HowTo Limit Remote Access To "ssh" Connections

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In order to increase operational security, it is desirable to limit the remote access points into a system, and to either disable the use of insecure protocols (such as X or VNC), or to wrap these insecure protocols within a secure networking layer such as a ssh tunnel or VPN.

The goal of this "HowTo" is to:

  • Demonstrate how to disable port 443 (https) thus limiting access to the NST system to port 22 (ssh).
  • Securely access the NST WUI using a ssh tunnel through port 22.
  • Securely run X applications across a ssh tunnel through port 22.
  • Securely run a VNC session across a ssh tunnel through port 22.

Disabling Remote HTTPS Access

The following commands will disable the httpd service from listening on port 443 for remote connections:

cd /etc/httpd/conf.d
mv ssl.conf ssl.conf.disable
service httpd restart

After running the above command, you should be able to use the netstat command to verify that port 443 is no longer open.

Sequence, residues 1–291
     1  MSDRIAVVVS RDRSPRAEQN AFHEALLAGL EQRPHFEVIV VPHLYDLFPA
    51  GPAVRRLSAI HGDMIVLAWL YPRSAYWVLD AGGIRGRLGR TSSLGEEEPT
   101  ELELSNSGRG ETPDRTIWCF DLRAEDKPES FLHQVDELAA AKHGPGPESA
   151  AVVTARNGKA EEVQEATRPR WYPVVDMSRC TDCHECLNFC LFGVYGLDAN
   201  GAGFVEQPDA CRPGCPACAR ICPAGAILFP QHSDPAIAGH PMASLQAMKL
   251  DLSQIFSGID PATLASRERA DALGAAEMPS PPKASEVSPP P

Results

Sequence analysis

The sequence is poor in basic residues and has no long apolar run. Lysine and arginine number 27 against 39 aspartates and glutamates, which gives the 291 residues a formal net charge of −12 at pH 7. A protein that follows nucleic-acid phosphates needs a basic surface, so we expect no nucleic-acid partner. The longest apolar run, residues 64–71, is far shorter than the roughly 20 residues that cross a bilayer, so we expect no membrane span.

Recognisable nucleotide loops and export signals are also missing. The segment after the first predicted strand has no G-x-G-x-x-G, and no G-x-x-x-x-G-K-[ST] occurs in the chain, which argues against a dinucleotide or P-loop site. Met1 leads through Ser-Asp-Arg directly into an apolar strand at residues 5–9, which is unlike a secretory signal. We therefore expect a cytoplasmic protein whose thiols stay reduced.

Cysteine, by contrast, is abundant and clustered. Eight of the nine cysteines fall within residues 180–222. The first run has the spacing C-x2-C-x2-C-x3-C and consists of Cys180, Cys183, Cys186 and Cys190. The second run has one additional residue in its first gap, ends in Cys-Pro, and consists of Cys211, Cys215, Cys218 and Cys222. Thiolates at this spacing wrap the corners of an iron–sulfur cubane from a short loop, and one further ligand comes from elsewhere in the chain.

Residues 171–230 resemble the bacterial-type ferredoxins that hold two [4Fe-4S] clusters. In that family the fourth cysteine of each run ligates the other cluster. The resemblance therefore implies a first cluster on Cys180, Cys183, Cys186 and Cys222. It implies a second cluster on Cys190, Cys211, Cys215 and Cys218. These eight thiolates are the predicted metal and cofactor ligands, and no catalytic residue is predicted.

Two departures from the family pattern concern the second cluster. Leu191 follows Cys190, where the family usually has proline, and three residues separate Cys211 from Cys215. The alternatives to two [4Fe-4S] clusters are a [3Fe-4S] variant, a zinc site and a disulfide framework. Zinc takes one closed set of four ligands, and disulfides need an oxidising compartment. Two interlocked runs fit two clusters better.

[root@dhcp150 conf.d]# netstat -tunap
Active Internet connections (servers and established)
Proto Recv-Q Send-Q Local Address               Foreign Address             State       PID/Program name   
tcp        0      0      *                   LISTEN      2758/httpd          
tcp        0      0        *                   LISTEN      1451/sshd           
tcp        0      0           ESTABLISHED 2710/0              
tcp        0      0 :::22                       :::*                        LISTEN      1451/sshd           
udp        0      0        *                               1222/dhclient       

The above output indicates that port 22 is the only IP4 TCP port that is listening for outside connections ( in the Local Address column).

You can verify that the NST system is no longer allowing remote access to the web server by trying to connect to (change the IP address to match the address of your NST system). The connection should be refused.